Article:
An analysis of salt water problems in a coastal estuary



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During periods of low flow and high water use on the Neches River, salt water intrudes up the river, endangering the fresh water supplies of the City of Beaumont, Texas, and the Lower Neches Valley Authority. As part of a study for the Galveston District, Corps of Engineers, the author calculated the depth of fresh water available at the City’s intake at Bunns Bluff on the Neches River for various net flows in the river, using the formula developed by Dr. Garbis H. Keulegan for computing the length of an arrested saline wedge. In this thesis the author gathered data on salinities and gross and net flows in the Neches River, and refined and extended the prior calculations. The 28.4-mile portion of the river between the mouth and Bunns Bluff was divided into three reaches and separate computations were made for each reach for net flows varying from 1,900 cubic feet per second to 8,000 cubic feet per second. Additionally, calculations were made for September 11, 1972, using data on the net river flow available that day and vertical salinity profiles by the U. S. Geological Survey at three locations along the lower 28A miles of the river. It was concluded that the formula developed by Dr. Keulegan may be used to approximate the depth of fresh water available at Bunns Bluff under static conditions, provided adequate data are available on gross flows, withdrawals of fresh water, and salinities. The refined method of breaking the lower 28.4 mile portion of the river into three reaches results in a calculated depth of fresh water at Bunns Bluff only about three percent greater than calculated without breaking the river into three reaches, indicating that the proposed refinement is unnecessary. As a subject for further research, it is suggested that additional detailed salinity measurements be made in the Neches River at more frequent intervals, and computations made under dynamic conditions considering tidal effects and other variables.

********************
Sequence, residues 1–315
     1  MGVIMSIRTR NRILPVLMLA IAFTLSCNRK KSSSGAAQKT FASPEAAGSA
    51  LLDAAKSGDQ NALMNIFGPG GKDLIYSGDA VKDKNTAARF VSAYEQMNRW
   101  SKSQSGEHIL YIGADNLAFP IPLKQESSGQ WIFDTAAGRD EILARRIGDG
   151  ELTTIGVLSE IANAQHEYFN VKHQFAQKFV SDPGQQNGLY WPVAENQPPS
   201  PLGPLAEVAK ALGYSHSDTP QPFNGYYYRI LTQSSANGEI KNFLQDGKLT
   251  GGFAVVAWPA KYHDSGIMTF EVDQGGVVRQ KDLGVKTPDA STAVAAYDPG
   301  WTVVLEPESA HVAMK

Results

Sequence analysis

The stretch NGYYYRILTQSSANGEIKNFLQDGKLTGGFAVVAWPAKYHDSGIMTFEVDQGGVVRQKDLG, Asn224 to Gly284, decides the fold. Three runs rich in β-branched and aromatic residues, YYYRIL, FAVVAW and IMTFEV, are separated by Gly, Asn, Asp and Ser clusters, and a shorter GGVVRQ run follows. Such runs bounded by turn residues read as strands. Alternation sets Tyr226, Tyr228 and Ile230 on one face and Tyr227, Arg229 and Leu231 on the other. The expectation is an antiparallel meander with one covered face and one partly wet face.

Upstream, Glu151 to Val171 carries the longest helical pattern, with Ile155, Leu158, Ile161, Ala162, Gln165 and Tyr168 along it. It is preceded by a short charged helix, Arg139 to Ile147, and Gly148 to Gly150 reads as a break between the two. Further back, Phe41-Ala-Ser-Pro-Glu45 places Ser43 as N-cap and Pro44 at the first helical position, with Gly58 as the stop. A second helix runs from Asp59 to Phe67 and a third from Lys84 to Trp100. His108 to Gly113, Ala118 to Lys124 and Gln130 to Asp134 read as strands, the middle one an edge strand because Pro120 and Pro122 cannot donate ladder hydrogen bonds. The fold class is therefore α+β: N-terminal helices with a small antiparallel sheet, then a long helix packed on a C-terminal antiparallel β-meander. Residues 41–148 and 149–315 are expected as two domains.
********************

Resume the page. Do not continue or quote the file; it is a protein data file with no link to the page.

Water management